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Robots in the Driving Seat


Robots in the Driving SeatAs the Logistics Industry continues to catapult into the world of modern technology, many more processes are becoming automated, warehouse practices and procedures are becoming more efficient, humans are working alongside robots, and most recently robots are replacing human roles in the workplace, via robotic process automation, and driver-less vehicles.

With the notion of autonomous lorries being present, and the news that they will be hitting UK roads in the very near future of 2019, understandably there are concerns being raised as to whether they truly are the buoyant life-saver that the logistics industry perceives to have been thrown.

Many with a supportive view believe that autonomous trucks are literally driving the Logistics Industry into the future and beyond. There are numerous positive outcomes from Autonomous trucks: requirement for paid human labour becomes resigned, routes become more economic in terms of fuel and finance, and driving becomes almost relinquished of all human error. In support of this, Swedish transport company Scania believes autonomous lorries could use far less fuel as they will drive much closer together, whilst controlled by wirelessly communicating onboard computers.

In addition to being a sustainable solution to the shortage of haulage drivers, machines are also trumping humans, in terms of not needing to be salaried, or diligently checked; and as regulations become stricter over time, driverless vehicles will save many companies time, and reputation, due to robots not being susceptible to drowsiness, or substance abuse, almost eradicating drivers’ errors.

Yet although there are those who actively appease autonomous trucks, and argue that they are the way forwards, ultimately, these trucks are not driving themselves; and there are opposing views, which do not seem to think that us humans are yet ready to take our hands off the wheel and our eyes off the road.

Whilst the news of autonomous lorries, on the surface seems to be beneficial to not only the drivers, but also to the Logistics Industry as a whole, there are certainly opposing views, for good reason. Less than a year ago, Tesla were testing their own autonomous vehicles which resulted in not just a casualty, but a death. 

Whilst this does not mean that all autonomous vehicles should be tarnished with the same brush, it does need to be recognised that a tired and intoxicated lorry driver, and an unresponsive autonomous vehicle can still cause fatalities; of which both are equally responsible for failing to recognise and prevent a potential collision, and any ensuing collateral damage.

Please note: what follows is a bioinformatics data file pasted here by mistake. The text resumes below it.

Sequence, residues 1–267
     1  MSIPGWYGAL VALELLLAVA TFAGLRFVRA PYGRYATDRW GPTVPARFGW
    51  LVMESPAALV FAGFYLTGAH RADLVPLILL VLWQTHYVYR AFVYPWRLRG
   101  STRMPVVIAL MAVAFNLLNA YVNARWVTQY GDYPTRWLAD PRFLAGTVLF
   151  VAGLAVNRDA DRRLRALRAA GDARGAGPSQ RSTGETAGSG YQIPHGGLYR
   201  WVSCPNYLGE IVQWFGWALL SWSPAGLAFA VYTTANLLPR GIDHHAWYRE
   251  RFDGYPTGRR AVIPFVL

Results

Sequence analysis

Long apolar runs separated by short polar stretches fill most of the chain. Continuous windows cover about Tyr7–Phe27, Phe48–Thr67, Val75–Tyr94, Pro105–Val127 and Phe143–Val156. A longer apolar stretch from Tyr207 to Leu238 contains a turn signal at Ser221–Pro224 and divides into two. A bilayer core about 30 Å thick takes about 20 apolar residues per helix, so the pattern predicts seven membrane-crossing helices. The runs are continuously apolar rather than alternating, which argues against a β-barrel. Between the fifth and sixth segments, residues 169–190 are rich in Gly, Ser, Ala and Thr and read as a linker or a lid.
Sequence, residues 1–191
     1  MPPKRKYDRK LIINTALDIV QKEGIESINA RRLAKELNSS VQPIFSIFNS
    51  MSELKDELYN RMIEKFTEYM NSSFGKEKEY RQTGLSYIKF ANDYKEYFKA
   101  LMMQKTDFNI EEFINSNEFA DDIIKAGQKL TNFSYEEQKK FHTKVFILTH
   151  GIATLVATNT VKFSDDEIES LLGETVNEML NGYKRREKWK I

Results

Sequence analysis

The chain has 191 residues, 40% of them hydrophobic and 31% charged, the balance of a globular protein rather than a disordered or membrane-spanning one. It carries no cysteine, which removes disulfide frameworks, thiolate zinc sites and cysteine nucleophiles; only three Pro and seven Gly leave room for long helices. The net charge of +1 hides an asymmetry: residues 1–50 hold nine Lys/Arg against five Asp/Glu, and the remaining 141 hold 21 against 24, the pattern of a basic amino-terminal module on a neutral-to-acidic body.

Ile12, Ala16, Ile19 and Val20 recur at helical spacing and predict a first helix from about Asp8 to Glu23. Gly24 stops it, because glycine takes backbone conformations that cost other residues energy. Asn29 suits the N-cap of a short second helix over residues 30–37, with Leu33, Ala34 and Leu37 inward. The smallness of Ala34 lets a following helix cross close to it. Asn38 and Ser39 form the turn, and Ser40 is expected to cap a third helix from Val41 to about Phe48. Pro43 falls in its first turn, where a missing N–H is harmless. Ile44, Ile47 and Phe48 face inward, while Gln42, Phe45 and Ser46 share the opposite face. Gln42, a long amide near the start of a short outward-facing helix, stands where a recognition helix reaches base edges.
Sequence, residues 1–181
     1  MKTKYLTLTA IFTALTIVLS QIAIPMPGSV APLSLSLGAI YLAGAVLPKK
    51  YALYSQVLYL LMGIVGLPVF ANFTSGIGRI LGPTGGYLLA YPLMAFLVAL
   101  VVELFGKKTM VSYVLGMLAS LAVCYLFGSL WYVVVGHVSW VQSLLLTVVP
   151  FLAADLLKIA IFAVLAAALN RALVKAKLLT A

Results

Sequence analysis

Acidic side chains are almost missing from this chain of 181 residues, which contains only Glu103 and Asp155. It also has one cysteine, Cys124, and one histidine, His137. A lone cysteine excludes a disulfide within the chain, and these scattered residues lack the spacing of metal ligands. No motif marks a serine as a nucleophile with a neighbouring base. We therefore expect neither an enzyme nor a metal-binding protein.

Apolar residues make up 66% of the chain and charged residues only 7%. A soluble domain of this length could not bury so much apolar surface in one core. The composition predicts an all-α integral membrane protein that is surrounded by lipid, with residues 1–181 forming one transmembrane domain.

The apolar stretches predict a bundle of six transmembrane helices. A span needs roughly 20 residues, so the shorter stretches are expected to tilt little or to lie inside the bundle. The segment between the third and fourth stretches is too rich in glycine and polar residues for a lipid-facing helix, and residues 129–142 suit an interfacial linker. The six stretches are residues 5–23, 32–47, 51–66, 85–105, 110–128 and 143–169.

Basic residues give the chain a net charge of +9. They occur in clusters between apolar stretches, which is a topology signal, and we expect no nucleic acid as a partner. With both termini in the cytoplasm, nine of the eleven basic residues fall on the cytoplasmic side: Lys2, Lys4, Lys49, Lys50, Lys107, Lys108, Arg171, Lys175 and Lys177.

Prejudiced views aside, it is predicted that autonomous trucks will reduce the amount of human labour, and therefore eliminate the risk of human error; additionally, self-driving trucks are also predicted to use less fuel, and reduce congestion, and overall prove to be more efficient than our current lorries. 

Whilst autonomous vehicles eliminate the ‘baggage’ of human drivers, responsibility is no less diminished; at present driver-less vehicles still remain a relatively new concept, for which we do not yet hold all the answers, of which their determined success will be something only time can tell. One thing for certain is that if computers are to rule road, their communications need to be fast and reliable to prevent collisions.

With plans rolling out in 2019, in Holland, Germany and the UK, the reality of self-driving trucks will be amongst us sooner than we realise. 

 

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Gideon Hillman Consulting Limited is registered in England and Wales.
Company Registration No: 6593700. Registered office at Highdown House, 11 Highdown Road, Leamington Spa, CV31 1XT. UK
A supply chain and logistics specialist with knowledge of enterprise resource planning, logistics and distribution and warehouse design

Institute of Consulting ISO 9001 UKWA Logistics Awards CMI Awards